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Lovelylaura38 in North Salt Lake, Utah

21 months ago

Direct shears.com or buchellishears.com

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misao in Ancaster, Ontario

20 months ago

ATS-314 is actually limited by the fact that it is produced by forging process. There are much better alloys containing Cobalt that cut smoother such as VG-10 and other similar Cobalt based materials. These super alloys also have better abrasion resistance thus sharpness retention is better than the scissors made from ATS-314 material. These Cobalt alloy material can reach hardness of 62.50 RHC which is higher than ATS-314 or 440C materials. Higher hardness and tensile strength of these materials make it possible for blades to be thiner and stay sharper longer.

It is important to remember that the blade geometry and edge surface is as important as the material from which scissors are made. The exceptional scissors will not allow hair to be pushed during the cutting process. Thus shearing as well as penetration into hair by cutting will take place if blades are designed and sharpened correctly.
Company in Canada called HAIRWhisper has developed micro-serration technology that allows them to place miniature teeth 1 micron to 25 micron size on the blade edge. These serrations increase sharpness retention and provide exceptional performance especially for dry hair application. The miniature teeth are so sharp that slide cut is still possible with these new generation of blades.

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Rob Edwards in Idaho

17 months ago

Go to scissormall.com
lots of leftys]

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Thescissorguy in Columbus, Georgia

14 months ago

misao in Ancaster, Ontario said: ATS-314 is actually limited by the fact that it is produced by forging process. There are much better alloys containing Cobalt that cut smoother such as VG-10 and other similar Cobalt based materials. These super alloys also have better abrasion resistance thus sharpness retention is better than the scissors made from ATS-314 material. These Cobalt alloy material can reach hardness of 62.50 RHC which is higher than ATS-314 or 440C materials. Higher hardness and tensile strength of these materials make it possible for blades to be thiner and stay sharper longer.

It is important to remember that the blade geometry and edge surface is as important as the material from which scissors are made. The exceptional scissors will not allow hair to be pushed during the cutting process. Thus shearing as well as penetration into hair by cutting will take place if blades are designed and sharpened correctly.
Company in Canada called HAIRWhisper has developed micro-serration technology that allows them to place miniature teeth 1 micron to 25 micron size on the blade edge. These serrations increase sharpness retention and provide exceptional performance especially for dry hair application. The miniature teeth are so sharp that slide cut is still possible with these new generation of blades.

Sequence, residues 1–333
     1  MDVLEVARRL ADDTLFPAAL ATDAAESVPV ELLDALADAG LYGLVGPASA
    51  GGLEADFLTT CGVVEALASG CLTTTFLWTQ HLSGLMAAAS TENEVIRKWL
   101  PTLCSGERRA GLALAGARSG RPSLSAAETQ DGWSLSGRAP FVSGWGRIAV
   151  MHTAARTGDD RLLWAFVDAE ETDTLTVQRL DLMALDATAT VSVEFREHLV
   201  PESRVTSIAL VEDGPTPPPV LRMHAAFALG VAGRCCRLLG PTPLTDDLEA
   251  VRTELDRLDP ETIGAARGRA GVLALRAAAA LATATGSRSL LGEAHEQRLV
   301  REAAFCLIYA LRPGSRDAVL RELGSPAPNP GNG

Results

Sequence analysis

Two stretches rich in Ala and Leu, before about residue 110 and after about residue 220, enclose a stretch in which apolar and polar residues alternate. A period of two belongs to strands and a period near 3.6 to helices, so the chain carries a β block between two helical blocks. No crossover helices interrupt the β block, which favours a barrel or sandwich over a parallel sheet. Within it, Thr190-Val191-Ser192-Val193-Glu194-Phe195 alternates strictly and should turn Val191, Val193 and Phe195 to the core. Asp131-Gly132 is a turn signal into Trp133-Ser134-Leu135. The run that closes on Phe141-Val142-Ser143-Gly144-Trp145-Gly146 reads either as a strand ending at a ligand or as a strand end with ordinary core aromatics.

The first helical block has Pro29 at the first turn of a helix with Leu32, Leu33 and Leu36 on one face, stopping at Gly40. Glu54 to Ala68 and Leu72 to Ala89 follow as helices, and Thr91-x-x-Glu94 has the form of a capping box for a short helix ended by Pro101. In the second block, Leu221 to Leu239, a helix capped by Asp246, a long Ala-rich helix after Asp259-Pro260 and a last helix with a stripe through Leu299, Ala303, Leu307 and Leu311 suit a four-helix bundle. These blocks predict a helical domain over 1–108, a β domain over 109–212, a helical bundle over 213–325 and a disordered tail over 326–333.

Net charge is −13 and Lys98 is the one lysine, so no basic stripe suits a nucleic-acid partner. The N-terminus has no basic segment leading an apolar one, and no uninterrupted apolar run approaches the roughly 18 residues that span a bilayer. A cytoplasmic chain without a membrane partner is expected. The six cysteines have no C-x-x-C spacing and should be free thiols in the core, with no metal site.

Thank you for your input. As a dedicated shear sharpener I am always looking for scholar information and user information, yours was both.

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Erin in Salmon Arm, British Columbia

10 months ago

suzanne sloan in Cartersville, Georgia said: Just finish beauty school and looking for a good pair of hair cutting shears any advise?

Check out Saki Hair Shears. They have excellent quality, professional hair shears with a few different models to choose from. <a href="www.sakishears.com">Saki Shears</a>

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vstoker35 in Springfield, Oregon

10 months ago

suzanne sloan in Cartersville, Georgia said: Just finish beauty school and looking for a good pair of hair cutting shears any advise?

Hi, i know you posted this awhile ago but i went to beauty school for a little bit and didnt finish so i have a pair of thinning shears and a pair of haircutting shears if your interested in buying from me??

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Jus in Glen Waverley, Australia

7 months ago

scissorguy1 in Plainfield, Illinois said: Yes I am a sharpener in the Chicago area and really want to guide you to a pair of inexpensive but great shears. You really shouldn't go for a brand name but the type of steel they're made from and the type of direction you are headed in. Are you going to work in a chop shop or full service? My spouse has been in it since 1987 , so we know. The big brand names need to make back the money they spend in advertising . And as a sharpener I see all the stuff that people are buying and are happy with and I always see the same thing. You can contact me for the best suggestions possible, or do your research on the web.

Hi scissorguy1, could you recommend a pair of thinning & normal cutting scissors for me? I just need them to be good quality & durable scissors that are below $100. I'm just using them at home. thanks!

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Heidiwb in Miami

5 months ago

Definitely Saki